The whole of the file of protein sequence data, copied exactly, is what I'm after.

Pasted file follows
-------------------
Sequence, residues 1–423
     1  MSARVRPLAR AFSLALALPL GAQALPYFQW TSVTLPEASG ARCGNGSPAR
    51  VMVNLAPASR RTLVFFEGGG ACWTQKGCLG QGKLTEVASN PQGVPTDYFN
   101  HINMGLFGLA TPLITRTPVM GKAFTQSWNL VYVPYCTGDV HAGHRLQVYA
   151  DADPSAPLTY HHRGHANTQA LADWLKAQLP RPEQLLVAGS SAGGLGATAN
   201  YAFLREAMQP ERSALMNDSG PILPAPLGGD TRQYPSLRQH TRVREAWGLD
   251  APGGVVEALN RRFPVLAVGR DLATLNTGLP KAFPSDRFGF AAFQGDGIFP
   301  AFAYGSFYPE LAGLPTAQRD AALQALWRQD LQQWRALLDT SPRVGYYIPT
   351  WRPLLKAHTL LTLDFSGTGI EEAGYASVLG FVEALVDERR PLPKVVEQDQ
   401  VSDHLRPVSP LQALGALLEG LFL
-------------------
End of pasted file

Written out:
Sequence, residues 1–423
     1  MSARVRPLAR AFSLALALPL GAQALPYFQW TSVTLPEASG ARCGNGSPAR
    51  VMVNLAPASR RTLVFFEGGG ACWTQKGCLG QGKLTEVASN PQGVPTDYFN
   101  HINMGLFGLA TPLITRTPVM GKAFTQSWNL VYVPYCTGDV HAGHRLQVYA
   151  DADPSAPLTY HHRGHANTQA LADWLKAQLP RPEQLLVAGS SAGGLGATAN
   201  YAFLREAMQP ERSALMNDSG PILPAPLGGD TRQYPSLRQH TRVREAWGLD
   251  APGGVVEALN RRFPVLAVGR DLATLNTGLP KAFPSDRFGF AAFQGDGIFP
   301  AFAYGSFYPE LAGLPTAQRD AALQALWRQD LQQWRALLDT SPRVGYYIPT
   351  WRPLLKAHTL LTLDFSGTGI EEAGYASVLG FVEALVDERR PLPKVVEQDQ
   401  VSDHLRPVSP LQALGALLEG LFL